Walk of the Week: River Avon, Linlithgow bridge

THE River Avon is not the best-known stretch of water in Scotland but, tucked away in a bucolic corner of the Central Belt, it is a tranquil place for a stroll.

River Avon. Picture: 
Nick Drainey
River Avon. Picture: 
Nick Drainey
River Avon. Picture: Nick Drainey

The 11 miles of the River Avon Heritage Trail were laid out by the Central Scotland Forest Trust and this route follows part of it between a viaduct and aqueduct dating back nearly 200 years.

Wildlife, including the easy-to-spot goosanders, abounds and the feeling of being a lot further from the urban and industrial sprawl of Falkirk and West Lothian is strong.

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More evidence of the industrial heritage of the area is seen on the return, along a section of the Union Canal towpath. But again, the peace and quiet of this stretch of water is enhanced by the rolling hills and farmland next to it.

DISTANCE 4 miles.


TIME 1 1/2 to 2 hours.

MAP OS Landranger 65.

PARK There is roadside parking near The Bridge Inn, off the A803 at Linlithgow Bridge, at the western side of Linlithgow. Otherwise, head a short way into the town to find more spaces on the road.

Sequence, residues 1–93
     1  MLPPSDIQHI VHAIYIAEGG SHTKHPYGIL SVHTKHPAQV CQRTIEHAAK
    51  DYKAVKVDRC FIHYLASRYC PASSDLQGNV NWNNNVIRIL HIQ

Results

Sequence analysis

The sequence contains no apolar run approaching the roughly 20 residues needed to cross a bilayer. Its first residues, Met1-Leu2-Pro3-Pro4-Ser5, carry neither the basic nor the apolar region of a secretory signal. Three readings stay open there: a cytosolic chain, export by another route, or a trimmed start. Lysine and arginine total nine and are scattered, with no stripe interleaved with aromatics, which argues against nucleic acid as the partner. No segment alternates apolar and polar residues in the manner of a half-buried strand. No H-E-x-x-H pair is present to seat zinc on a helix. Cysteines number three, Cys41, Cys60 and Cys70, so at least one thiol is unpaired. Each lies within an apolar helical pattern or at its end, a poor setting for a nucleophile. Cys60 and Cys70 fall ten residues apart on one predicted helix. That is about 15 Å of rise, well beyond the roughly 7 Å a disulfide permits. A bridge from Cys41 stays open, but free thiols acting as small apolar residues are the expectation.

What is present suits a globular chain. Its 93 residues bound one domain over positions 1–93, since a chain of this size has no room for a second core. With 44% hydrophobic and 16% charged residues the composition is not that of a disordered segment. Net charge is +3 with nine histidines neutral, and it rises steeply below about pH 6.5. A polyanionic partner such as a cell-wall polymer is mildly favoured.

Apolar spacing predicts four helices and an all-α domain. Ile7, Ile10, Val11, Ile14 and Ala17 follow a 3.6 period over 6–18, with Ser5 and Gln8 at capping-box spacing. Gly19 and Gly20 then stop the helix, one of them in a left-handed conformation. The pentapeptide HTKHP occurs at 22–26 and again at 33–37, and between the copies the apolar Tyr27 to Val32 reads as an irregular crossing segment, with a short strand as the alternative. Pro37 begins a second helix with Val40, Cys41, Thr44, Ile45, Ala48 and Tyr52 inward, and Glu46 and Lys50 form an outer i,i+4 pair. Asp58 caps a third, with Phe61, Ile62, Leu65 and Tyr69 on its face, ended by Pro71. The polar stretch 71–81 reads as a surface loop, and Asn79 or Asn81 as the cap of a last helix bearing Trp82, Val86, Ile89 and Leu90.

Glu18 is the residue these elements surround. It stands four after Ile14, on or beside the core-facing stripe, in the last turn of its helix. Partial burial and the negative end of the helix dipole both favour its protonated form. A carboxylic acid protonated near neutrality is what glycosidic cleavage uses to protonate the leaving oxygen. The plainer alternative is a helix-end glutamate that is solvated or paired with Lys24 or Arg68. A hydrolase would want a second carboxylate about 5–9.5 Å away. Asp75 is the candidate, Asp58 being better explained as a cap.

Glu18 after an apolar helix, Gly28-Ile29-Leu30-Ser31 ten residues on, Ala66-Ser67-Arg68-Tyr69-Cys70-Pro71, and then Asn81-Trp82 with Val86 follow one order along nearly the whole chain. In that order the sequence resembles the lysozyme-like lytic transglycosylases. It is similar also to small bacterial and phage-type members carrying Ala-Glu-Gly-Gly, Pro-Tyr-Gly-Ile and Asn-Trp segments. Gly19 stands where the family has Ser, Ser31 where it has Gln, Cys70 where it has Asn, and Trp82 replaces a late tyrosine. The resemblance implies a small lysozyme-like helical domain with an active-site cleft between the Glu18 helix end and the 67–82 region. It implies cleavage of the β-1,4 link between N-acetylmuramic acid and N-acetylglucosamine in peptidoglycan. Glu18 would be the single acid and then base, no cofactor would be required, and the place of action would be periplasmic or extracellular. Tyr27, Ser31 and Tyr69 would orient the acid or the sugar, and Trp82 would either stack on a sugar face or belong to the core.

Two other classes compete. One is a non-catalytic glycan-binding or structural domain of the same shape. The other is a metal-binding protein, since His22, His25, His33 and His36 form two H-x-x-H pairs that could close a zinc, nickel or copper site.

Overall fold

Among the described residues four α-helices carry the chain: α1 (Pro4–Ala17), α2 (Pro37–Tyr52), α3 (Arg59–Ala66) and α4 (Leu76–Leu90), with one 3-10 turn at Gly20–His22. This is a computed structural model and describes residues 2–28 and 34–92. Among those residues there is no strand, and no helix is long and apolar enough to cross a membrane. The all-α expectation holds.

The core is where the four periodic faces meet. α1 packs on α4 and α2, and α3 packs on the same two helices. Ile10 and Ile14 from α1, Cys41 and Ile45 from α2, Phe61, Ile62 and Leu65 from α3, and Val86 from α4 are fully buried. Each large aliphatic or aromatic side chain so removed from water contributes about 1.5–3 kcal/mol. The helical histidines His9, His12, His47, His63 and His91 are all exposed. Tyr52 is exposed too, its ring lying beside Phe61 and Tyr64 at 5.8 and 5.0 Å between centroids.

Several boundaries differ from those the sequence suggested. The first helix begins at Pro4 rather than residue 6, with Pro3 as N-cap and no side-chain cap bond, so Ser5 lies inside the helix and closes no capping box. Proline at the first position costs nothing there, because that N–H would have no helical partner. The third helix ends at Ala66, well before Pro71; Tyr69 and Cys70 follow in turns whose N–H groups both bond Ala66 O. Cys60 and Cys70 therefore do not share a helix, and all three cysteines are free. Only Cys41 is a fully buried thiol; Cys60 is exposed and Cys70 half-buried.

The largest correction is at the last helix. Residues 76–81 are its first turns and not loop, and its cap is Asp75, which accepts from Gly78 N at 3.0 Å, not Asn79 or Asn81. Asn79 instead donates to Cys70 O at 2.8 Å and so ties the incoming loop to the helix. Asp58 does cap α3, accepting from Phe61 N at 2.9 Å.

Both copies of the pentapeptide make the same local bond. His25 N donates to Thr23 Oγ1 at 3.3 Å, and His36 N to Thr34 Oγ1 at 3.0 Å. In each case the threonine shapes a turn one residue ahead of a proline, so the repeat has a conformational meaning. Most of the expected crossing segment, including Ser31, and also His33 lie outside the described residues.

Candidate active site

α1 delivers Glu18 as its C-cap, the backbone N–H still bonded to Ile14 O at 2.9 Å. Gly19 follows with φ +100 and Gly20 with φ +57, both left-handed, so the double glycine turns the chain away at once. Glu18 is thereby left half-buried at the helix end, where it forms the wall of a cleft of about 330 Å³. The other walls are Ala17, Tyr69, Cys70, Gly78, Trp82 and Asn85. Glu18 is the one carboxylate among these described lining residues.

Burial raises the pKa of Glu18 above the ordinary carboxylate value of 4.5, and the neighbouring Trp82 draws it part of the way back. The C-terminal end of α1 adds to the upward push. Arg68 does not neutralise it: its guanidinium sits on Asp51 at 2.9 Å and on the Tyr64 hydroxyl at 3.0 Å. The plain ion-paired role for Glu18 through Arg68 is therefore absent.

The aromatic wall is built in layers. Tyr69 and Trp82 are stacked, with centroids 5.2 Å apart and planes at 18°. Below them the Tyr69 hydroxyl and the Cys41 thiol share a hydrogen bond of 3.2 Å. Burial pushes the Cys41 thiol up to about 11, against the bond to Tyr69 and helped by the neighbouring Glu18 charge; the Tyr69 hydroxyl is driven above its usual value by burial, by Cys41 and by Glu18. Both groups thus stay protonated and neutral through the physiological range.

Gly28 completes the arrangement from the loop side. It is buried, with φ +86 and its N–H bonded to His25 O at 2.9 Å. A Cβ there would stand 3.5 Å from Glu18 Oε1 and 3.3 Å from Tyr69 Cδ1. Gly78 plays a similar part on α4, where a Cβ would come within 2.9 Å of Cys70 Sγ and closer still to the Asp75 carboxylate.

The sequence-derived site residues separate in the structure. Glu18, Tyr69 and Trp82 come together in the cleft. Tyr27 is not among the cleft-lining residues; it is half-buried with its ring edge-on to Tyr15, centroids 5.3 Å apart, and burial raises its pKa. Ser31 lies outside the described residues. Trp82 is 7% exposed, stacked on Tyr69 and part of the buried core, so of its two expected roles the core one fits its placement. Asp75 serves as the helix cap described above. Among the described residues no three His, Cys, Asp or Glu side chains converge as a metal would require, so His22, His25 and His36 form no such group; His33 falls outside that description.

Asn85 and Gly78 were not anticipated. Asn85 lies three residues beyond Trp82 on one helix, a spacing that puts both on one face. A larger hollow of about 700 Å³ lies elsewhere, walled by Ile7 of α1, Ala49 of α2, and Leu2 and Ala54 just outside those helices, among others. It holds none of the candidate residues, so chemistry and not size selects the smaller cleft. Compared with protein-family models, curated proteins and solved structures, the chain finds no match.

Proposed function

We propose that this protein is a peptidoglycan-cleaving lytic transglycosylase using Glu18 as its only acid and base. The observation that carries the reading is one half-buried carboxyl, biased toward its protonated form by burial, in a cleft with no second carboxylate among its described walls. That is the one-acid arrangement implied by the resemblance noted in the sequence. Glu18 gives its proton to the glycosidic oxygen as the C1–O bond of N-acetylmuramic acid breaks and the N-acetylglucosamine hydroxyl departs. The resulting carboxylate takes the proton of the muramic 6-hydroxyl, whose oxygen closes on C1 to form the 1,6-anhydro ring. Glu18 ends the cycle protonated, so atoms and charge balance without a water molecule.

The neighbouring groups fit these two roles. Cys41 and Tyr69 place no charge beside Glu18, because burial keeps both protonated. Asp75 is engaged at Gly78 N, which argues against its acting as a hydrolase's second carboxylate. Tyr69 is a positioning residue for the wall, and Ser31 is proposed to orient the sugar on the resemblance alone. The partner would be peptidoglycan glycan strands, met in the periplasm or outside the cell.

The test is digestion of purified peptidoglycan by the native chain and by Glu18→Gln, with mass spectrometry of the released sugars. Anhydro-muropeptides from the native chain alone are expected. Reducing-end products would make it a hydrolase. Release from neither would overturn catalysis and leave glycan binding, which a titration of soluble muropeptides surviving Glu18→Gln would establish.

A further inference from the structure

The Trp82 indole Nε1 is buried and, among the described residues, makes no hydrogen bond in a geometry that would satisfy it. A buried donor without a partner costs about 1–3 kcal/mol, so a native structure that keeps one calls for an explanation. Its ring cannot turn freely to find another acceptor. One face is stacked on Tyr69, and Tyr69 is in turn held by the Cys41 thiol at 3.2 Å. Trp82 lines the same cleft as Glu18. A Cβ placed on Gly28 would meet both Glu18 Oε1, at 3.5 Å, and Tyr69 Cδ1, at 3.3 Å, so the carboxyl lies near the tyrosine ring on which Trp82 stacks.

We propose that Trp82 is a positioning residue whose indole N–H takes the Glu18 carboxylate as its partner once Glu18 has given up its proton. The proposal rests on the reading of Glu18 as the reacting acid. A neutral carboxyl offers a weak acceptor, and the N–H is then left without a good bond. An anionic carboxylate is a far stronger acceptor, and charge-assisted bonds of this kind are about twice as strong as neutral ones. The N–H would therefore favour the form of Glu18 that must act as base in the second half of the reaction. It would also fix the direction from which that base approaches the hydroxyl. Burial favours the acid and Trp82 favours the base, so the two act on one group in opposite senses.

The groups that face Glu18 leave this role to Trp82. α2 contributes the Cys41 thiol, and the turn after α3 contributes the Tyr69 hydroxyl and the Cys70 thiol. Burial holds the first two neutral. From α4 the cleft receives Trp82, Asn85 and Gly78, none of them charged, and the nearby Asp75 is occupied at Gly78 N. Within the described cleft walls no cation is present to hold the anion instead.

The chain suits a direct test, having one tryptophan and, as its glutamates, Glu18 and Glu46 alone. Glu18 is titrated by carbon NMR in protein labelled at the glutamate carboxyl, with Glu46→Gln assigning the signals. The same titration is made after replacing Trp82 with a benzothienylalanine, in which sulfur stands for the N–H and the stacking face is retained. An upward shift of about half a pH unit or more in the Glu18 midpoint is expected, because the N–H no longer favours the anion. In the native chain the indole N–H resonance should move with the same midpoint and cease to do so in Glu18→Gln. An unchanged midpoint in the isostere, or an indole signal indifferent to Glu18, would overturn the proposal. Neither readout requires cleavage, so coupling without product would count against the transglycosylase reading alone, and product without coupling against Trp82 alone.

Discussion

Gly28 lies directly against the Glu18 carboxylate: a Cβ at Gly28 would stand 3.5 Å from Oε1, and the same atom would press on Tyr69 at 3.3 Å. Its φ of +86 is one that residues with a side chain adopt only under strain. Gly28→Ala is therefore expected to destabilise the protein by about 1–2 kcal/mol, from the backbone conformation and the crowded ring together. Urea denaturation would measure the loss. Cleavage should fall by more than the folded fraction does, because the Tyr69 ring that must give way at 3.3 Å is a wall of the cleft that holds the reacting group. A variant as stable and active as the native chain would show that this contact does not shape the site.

IN SUMMARY From The Bridge Inn, head towards Linlithgow across the road bridge over the River Avon. Go right at a set of traffic lights then right again after about another 50 yards, down Burgh Mills Lane – there is a green sign opposite the turning for the River Avon Heritage Trail.

Drop down the lane and just before the bottom go left to pass through a wooden gate and on to a path under an impressive viaduct. This is the Avon Viaduct, built in 1840 by the North British Railway Company and still carrying trains today. The path then drops down to the side of the River Avon and heads upstream.

After about a mile, you reach boards over wet ground and then a steep bank which leads high above the river. Eventually, you reach the towpath of the Union Canal and the route goes left, towards Linlithgow. However, it is worth taking a short detour right to cross to the middle of the Avon Aqueduct and views back down the river towards the town. The aqueduct was built in 1820 and is one of Scotland’s highest and longest.

Before you reach Linlithgow the towpath passes playing fields to the left. Just after these, go left, down steps and turn left at the bottom to follow a path next to a small burn. When the path becomes surfaced, go left to head towards a red-roofed building – Linlithgow’s leisure centre. Just before the leisure centre go right, down the entrance road, then cross a road at the bottom and turn left. Go straight ahead at a small roundabout to follow a road under a railway bridge and down to the traffic lights at Linlithgow Bridge. Go left to cross back over the River Avon and back to the start.

REFRESH The Bridge Inn is the obvious place.

WHILE YOU ARE IN THE AREA Linlithgow Palace, cared for by Historic Scotland, is the birthplace of Mary, Queen of Scots (www.historic-scotland.gov.uk).